Software Photoshop, Lightroom, Paintshop Pro, Painter, etc., and all their various plugins. Of course, you can also discuss all other programs, as well. 
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#11
 
 
I worked with convolution for linear data streams for signal processing, but 2D images are a great deal more complex. There are a lot of transforms I have wanted to try, and I know there are many more that are more specific to other kinds of images than the microscopy I used to work with... I will happily read whatever you are willing to type on the subject. tks 
#12
 
 
Chris, please post on! I have printed out your 'basic' post for extended study and practice. This is deep stuff for a GUI user to get into  so I have not had time to really push things. I will hold back on my current questions, as they may well be covered in your next tutorial...if not I will post away. Here is a link to a great little tutorial which forces you to think and to correctly answer a question before proceeding to the next step  which I think is a novel way to present such a deep topic: http://www.eas.asu.edu/~karam/2dconvolution/ Regards, Stephen Marsh. 
#13
 
 
Chris: Yours is the BEST howto / decriptive writeup on custom filters I've seen anywhere. Most are just a paragraph or two with no depth whatsoever. This is EXCEPTIONAL stuff. Many thanks to you for sharing your expertise. ~~~~~~~ And another BIG thumbs up to Stephen for another enlightening thread with valuable content. ~Danny~ 
#14
 
 
Convolution, Round 2 So, let us recap a little bit. The center of the 5x5 or 7x7 (or whatever size the kernel is) refers to the weight on each pixel in the original image. The positions around that center pixel refer to weights on the neighbors of that pixel. All of this applies when creating a new image from the original. Gaussian Filters Back in the dark old days where computers were slow we had to do a lot of workarounds to get the operations done in our respective lifetimes. We also worked with 3x3 Kernels because they were easier and a lot faster. So, you would think that the first blur that we developed was the following kernel: 0 0 0 0 0 0 0 0 0 0 0 0 0 0 0 0 1 1 1 0 0 0 0 1 1 1 0 0 0 0 1 1 1 0 0 0 0 0 0 0 0 0 0 0 0 0 0 0 0 (scale = 9, offset = 0) But you’d be wrong. This kernel has two problems:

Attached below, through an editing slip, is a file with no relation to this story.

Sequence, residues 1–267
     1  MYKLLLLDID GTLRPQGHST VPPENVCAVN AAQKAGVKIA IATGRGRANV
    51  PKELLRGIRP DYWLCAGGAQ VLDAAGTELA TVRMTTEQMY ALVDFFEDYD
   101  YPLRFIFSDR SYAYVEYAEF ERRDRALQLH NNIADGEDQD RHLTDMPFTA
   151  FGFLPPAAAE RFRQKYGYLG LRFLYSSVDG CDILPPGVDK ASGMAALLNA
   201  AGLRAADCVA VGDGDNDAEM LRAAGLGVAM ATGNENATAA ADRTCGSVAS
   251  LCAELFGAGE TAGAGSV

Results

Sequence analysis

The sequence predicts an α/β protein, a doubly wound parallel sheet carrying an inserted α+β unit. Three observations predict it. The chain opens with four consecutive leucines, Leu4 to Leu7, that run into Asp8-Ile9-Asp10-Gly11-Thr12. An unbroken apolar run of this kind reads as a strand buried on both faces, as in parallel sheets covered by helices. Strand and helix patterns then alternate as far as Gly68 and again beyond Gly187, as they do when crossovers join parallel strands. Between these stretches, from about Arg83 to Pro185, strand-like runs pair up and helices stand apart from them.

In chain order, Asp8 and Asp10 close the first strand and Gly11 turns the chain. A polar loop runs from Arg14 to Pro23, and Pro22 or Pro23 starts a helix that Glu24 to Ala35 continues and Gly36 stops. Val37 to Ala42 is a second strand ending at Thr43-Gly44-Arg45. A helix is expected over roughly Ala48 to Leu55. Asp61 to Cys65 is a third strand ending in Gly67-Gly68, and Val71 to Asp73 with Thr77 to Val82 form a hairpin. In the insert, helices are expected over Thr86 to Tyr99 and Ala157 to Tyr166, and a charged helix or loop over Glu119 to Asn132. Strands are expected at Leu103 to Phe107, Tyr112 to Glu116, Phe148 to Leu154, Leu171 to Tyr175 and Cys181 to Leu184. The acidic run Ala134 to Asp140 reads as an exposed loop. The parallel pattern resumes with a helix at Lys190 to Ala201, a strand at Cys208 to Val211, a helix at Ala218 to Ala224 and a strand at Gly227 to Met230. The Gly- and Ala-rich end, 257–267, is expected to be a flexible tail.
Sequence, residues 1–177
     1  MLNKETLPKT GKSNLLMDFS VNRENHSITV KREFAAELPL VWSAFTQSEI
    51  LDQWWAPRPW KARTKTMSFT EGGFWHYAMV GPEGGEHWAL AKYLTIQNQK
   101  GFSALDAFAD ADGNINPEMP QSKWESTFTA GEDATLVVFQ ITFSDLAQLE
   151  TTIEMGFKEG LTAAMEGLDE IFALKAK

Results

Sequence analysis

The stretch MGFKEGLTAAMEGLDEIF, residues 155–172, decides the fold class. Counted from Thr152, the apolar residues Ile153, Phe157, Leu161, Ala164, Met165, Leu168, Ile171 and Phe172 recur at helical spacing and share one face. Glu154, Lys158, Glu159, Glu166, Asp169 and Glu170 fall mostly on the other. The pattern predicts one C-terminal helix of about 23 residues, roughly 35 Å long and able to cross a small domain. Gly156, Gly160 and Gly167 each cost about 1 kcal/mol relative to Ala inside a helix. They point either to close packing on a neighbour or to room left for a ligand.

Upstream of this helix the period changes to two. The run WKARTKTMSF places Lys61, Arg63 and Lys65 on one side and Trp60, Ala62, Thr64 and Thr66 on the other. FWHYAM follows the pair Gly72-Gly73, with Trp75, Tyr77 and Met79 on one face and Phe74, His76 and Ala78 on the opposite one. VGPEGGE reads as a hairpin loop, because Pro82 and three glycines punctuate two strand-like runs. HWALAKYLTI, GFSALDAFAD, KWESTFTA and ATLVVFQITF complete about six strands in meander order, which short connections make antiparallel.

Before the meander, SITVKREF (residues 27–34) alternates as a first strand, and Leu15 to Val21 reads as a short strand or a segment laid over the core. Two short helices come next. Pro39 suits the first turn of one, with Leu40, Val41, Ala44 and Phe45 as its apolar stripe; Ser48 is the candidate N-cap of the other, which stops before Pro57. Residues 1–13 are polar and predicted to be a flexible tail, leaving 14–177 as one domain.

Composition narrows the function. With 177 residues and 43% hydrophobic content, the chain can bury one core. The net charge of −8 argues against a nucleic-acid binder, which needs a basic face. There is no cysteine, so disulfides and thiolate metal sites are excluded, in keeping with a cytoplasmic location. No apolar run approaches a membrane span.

So, instead we used the following kernel which is nearly a Gaussian: 0 0 0 0 0 0 0 0 0 0 0 0 0 0 0 0 1 2 1 0 0 0 0 2 4 2 0 0 0 0 1 2 1 0 0 0 0 0 0 0 0 0 0 0 0 0 0 0 0 (scale = 16, offset = 0) It turns out that dividing by 16 on a computer is really easy and fast, and even more useful, multiplying by a power of 2 is really easy and fast, so this was the first useful blur kernel. Another useful tidbit is that if you reapply several little Gaussians, you get a big Gaussian. Try it. One big problem with kernels is that as they get bigger, they get a lot slower. A 5x5 has 25 multiplications. A 7x7 has 49 multiplications and takes about twice as long. Yet, the difference in the blur between radius=2 and radius=3 really isn’t that much. And if I want a radius=20, this could really take a lot of time. So how does Chris Cox (the optimization guru at Adobe) do it? How does he make the Gaussian blur function so fast? He cheats. First he convolves the image with a horizontal Gaussian Blur (example below is a radius=1.0) and then with a vertical Gaussian Blur. He doesn’t have to do any work where there are 0’s, so it is really fast. In fact, that 7x7 = 49 multiplies is reduced to 7 + 7 = 14 multiplies. At the larger radius, these advantages become really obvious. 0 0 0 0 0 0 0 0 0 0 0 0 0 0 0 0 0 0 0 0 0 0.011 0.135 0.607 1.000 0.607 0.135 0.011 0 0 0 0 0 0 0 0 0 0 0 0 0 0 0 0 0 0 0 0 0 (scale = 2.506, offset = 0 or use autoscale) Horizontal Blur, radius = 1 0 0 0 0.011 0 0 0 0 0 0 0.135 0 0 0 0 0 0 0.607 0 0 0 0 0 0 1.000 0 0 0 0 0 0 0.607 0 0 0 0 0 0 0.135 0 0 0 0 0 0 0.011 0 0 0 (scale = 2.506, offset = 0 or use autoscale) Vertical Blur, radius = 1 So if you did both of them to your image, and the order doesn’t matter, you’d get almost exactly the same effect as the builtin Gaussian function. Edge Enhancing II – The Laplacian Earlier we saw that a directional derivative was really the same thing as embossing, and if we took the directional derivative in several directions and kept the biggest value, we’d find the edges. There is a different way that came first. This is called the Laplacian, after the guy. If you’ve got a math background, this is really the second derivative. Let’s start with the simplest version of the Laplacian: 0 0 0 0 0 0 0 0 0 0 0 0 0 0 0 0 0 1 0 0 0 0 0 1 4 1 0 0 0 0 0 1 0 0 0 0 0 0 0 0 0 0 0 0 0 0 0 0 0 (scale = 1, offset = 128) (You could also use scale = 4 if you’re following the Scale & Offset Rule from the last post.) This will trace every edge and highlight every bit of noise in your entire image. In fact, the Laplacian is the best noise amplifier of all of the edge detectors. There is an additive version of that kernel (notice the different center value and that Offset = 0): 0 0 0 0 0 0 0 0 0 0 0 0 0 0 0 0 0 1 0 0 0 0 0 1 5 1 0 0 0 0 0 1 0 0 0 0 0 0 0 0 0 0 0 0 0 0 0 0 0 (scale = 1, offset = 0) What I did was add the original image back to the edge image. You could use the FADE tool here to get as much emphasis as you want… if you like noise, that is. However, if you had some kind of QuickMask (Selection) that isolated the processing to where the edges are… Nevermind. We’ll talk about that some other time. This kernel setting works because the sum of the positive values is one more than the sum of the negative values. Because the difference is just one, I can use scale = 1, offset = 0. This causes a uniform area on the image to be unchanged. Back with the –1’s and the 4, the positive sum was the same as the negative sum so a uniform area on the image would give a zero and it was possible to get negatives, so we used an offset=128 to put the unchanging values in the middle of the histogram. One other Laplacian kernel is used fairly often because it emphasizes diagonals, too: 0 0 0 0 0 0 0 0 0 0 0 0 0 0 0 0 1 1 1 0 0 0 0 1 8 1 0 0 0 0 1 1 1 0 0 0 0 0 0 0 0 0 0 0 0 0 0 0 0 (scale = 8 or 1, offset = 128) If you replace the 8 in the middle with a 9, set scale = 1, offset = 0. I’m running out of time. Next time we’ll do a High Pass filter which is basically subtracting the blurred image from the original, show how that is related to the UnSharp Mask (and where the USM came from) and we’ll go from there. Chris Russ Last edited by jcr6; 10242002 at 07:14 AM.